Posts Tagged ‘Tommy Bond’

My Own Little Hall of Fame: Class of 1905

July 1, 2014

It’s time for my monthly addition to My Own Little Hall of Fame. For those of you who’ve forgotten, this is my attempt to determine what the Hall of Fame would look like if it were formed in 1901 rather than in the 1930s. My primary contention is that a number of players who’ve gotten little consideration for the modern Hall would have been added if the Hall were created earlier. So here’s the Class of 1905.

Tommy Bond

Tommy Bond

Thomas “Tommy” Bond pitched from 1874 through 1884 winning 234 games leading his league in strikeouts wins, and ERA twice each. He also led the National League in shutouts on three occasions. His 1877 and 1878 Boston teams won pennants with him as their primary hurler. One of only a handful of players to work in four different leagues: National Association, National League, American Association, and Union Association.

Bid McPhee

Bid McPhee

John “Bid” McPhee was a star second baseman for Cincinnati in both the National League and the American Association. He holds many fielding records for second basemen. As a hitter he won both a home run and a triples title. Is second among all players with 189 total triples.

"Truthful" Jim Mutrie

“Truthful” Jim Mutrie

James “Truthful Jim” Mutrie managed both the New York Metropolitans of the American Association and the New York Gothams of the National League. Under his leadership the Metropolitans won the 1884 Association pennant and the Gothams won both the 1888 and 1889 National League pennants. The latter teams both won postseason tournaments against their Association rivals. Among managers with 200 or more wins his winning percentage is highest in Major League history. He is credited with coining the name “Giants” for the current New York National League team.

Tip O'Neill, well after his retirement

Tip O’Neill, well after his retirement

James “Tip” O’Neill played outfield for the St. Louis Browns between 1884 and 1889 inclusive and was the first great Canadian player. He led his team to four consecutive pennants (1885-1888) and two disputed postseason championships. He led the Association in hits twice and batting average twice. In 1887 he hit .435 and led the Association in average, home runs, RBIs, doubles, triples, hits, and runs.

Harry Stovey

Harry Stovey

Harry Stovey played both outfield and first base from 1880 through 1893. He led his league in booth runs scored and triples four times, in home runs five times, in stolen bases twice, and in doubles once. His 1888 Philadelphia Athletics team won the second American Association pennant, while his 1890 Boston team won the only Player’s League pennant. In the National League he won a pennant with the 1891 Beaneaters.

And now the commentary.

1. Tommy Bond? Really? Bond only has 180 wins in the National League but is the ace of the first great NL team. I felt that gave him a leg up on other pitchers still not elected and eligible (Mathews, McCormick, Mullane, and Deacon White’s brother Will). As with most pitchers of his era he has only a handful of great years then drops off quickly, perhaps too quickly for many voters. My guess is that if he were elected by the voters in 1905 he would just barely get invited to the Hall. Having said that, I think he’s the best available pitcher, but I am aware that Mullane and Mathews have a  lot more wins, the key pitching stat is 1905.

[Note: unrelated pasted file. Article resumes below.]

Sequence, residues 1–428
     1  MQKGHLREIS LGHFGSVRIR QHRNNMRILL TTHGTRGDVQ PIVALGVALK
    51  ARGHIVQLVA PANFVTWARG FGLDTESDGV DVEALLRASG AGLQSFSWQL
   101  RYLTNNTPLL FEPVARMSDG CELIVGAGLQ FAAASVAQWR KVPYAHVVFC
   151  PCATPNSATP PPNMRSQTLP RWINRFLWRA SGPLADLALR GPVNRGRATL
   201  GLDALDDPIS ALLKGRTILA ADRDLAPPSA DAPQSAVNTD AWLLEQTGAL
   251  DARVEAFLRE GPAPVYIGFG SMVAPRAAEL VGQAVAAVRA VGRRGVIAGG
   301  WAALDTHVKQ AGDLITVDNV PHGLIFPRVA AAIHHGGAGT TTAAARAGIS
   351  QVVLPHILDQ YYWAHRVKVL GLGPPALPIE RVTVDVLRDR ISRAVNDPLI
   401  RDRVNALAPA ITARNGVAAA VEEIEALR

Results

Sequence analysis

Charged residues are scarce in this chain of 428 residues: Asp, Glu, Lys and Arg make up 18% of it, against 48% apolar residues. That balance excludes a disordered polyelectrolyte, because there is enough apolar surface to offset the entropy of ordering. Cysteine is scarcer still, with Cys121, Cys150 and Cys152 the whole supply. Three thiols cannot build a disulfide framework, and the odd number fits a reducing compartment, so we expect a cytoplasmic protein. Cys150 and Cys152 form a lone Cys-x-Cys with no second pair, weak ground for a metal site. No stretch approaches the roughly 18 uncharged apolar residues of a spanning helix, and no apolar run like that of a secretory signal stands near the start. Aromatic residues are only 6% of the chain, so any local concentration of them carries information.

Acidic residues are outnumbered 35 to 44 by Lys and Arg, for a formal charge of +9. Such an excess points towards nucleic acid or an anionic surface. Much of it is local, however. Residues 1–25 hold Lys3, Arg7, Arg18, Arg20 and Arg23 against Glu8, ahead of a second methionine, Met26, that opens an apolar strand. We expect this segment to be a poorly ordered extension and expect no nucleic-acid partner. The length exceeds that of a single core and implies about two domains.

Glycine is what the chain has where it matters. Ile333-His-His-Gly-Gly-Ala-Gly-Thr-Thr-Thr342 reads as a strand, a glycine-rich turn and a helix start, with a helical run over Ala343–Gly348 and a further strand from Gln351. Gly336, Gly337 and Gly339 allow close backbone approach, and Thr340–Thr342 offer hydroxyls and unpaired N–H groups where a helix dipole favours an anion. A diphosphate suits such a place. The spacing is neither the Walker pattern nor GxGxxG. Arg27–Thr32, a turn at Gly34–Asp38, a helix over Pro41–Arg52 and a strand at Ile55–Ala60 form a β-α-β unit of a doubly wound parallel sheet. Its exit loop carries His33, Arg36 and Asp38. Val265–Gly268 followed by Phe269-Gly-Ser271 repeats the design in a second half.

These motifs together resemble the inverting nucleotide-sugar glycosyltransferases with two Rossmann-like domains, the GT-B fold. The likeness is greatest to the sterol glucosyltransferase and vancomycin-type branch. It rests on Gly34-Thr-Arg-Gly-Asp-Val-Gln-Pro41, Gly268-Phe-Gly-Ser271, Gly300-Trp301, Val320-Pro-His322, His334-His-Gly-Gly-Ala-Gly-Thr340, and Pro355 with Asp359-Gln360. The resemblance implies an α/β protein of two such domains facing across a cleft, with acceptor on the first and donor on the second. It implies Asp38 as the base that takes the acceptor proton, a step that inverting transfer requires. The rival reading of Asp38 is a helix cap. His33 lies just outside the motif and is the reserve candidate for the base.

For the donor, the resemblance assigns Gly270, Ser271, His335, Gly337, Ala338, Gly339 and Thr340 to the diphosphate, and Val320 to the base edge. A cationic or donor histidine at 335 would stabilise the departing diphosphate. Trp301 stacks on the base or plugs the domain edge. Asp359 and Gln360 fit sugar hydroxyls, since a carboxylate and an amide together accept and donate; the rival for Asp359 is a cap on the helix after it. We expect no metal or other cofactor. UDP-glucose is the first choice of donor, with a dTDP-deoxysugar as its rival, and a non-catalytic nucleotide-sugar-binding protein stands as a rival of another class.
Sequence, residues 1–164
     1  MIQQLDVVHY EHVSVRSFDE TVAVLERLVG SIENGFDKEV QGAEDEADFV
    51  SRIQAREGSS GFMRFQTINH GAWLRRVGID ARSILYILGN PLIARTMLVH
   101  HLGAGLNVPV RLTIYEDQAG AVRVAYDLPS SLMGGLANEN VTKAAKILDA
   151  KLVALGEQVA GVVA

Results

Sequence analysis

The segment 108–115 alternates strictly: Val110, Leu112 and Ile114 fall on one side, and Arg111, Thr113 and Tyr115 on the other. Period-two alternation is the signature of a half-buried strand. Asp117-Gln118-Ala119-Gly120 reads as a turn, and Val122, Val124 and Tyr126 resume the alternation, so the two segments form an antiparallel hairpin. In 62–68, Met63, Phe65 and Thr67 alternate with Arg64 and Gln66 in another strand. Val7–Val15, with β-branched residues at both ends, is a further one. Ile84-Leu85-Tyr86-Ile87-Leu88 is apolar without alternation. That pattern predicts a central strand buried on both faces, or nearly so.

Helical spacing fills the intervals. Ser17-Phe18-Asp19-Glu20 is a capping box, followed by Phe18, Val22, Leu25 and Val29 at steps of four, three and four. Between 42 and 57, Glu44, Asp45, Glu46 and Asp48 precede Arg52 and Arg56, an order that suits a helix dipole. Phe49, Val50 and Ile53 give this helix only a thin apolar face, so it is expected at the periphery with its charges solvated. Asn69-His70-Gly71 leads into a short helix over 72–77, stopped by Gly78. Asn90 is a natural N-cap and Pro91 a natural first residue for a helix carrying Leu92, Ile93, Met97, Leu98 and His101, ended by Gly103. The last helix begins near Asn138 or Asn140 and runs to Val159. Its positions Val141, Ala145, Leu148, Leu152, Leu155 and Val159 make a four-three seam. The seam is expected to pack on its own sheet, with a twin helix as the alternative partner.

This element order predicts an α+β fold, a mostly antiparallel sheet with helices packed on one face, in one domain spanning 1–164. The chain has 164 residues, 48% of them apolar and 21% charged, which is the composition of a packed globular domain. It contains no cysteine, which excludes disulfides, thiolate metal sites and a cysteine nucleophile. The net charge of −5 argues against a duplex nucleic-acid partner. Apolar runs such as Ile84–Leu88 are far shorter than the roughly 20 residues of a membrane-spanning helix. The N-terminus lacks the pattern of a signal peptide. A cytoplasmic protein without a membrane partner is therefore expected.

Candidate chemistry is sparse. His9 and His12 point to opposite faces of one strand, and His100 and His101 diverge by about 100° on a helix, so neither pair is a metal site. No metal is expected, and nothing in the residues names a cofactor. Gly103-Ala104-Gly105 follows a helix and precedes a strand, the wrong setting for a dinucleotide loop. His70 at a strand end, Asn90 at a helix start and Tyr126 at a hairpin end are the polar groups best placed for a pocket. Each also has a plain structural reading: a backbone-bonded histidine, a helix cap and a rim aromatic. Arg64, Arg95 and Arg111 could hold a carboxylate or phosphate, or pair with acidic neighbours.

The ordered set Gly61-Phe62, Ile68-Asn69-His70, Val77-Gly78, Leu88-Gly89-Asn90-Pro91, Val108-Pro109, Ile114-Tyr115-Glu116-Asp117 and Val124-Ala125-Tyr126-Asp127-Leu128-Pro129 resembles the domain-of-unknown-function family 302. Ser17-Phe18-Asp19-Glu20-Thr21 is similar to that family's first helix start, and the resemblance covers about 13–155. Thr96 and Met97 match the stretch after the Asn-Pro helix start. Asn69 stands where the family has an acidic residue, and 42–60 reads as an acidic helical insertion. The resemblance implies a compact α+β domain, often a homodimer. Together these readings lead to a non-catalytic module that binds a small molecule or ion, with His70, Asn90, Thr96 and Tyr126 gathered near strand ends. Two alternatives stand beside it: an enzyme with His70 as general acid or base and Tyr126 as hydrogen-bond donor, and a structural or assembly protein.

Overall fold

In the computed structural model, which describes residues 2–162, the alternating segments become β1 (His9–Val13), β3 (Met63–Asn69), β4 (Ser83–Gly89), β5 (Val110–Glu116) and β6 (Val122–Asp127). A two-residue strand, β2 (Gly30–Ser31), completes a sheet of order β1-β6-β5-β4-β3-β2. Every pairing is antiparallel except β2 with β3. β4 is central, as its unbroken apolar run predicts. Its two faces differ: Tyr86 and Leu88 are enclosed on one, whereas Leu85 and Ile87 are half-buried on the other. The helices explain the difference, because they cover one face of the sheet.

2. McPhee is now much further down the current list of triples, but in 1905 he was still second (to Anson). He is, by all accounts and by all stats available in 1905, the finest second baseman of the 19th Century.

3. I am absolutely certain that Mutrie should be in the Hall of Fame and, thus, am completely comfortable adding him to the Class of 1905. In 1876 William Hulbert tossed New York out of the National League. No NYC team played at the highest level again until the Metropolitans joined the American Association. Mutrie was a prime mover in creating the team and piloted it to its first successful season. Then he was instrumental in creating the Gothams (Giants) and putting a New York team back into the NL. In many ways he is the father of Major League baseball in New York. He was still alive in 1905, but lived in obscurity. In 1905 only one manager who managed more than one year had a higher winning percentage than Mutrie and he managed all the way back in the National Association (and to this day only Joe McCarthy has a higher winning percentage among managers with 200+ wins). BTW “Truthful Jim” is an ironic nickname (sort of like calling a 6’9″ 300 pound guy “Tiny”). He was known to make up a lot of stuff in order to get what he wanted when it came to his team and his own wealth. That means he’s a bit of a  rogue, but then the real Hall is full of those.

4. Aren’t O’Neill and Stovey a bit of a stretch? O’Neill and Stovey were, to me the best players in the Association (although McPhee also spent a lot of time in the AA, I think both were better than him). By 1905 the Association had been dead for almost 15 years and was already slipping in the public memory. The Reach Guide, newspapers, and other sources have very little on the Association and it was quickly fading from memory. Those new players eligible for a Hall of Fame in 1905 weren’t a particularly exciting lot, so I took the opportunity to add the best of the Association at this point, presuming that the longer I waited, the less likely they would get a call. I’m not at all sure that a real Hall existing in 1905 would have brought them inside. The current Hall certainly hasn’t.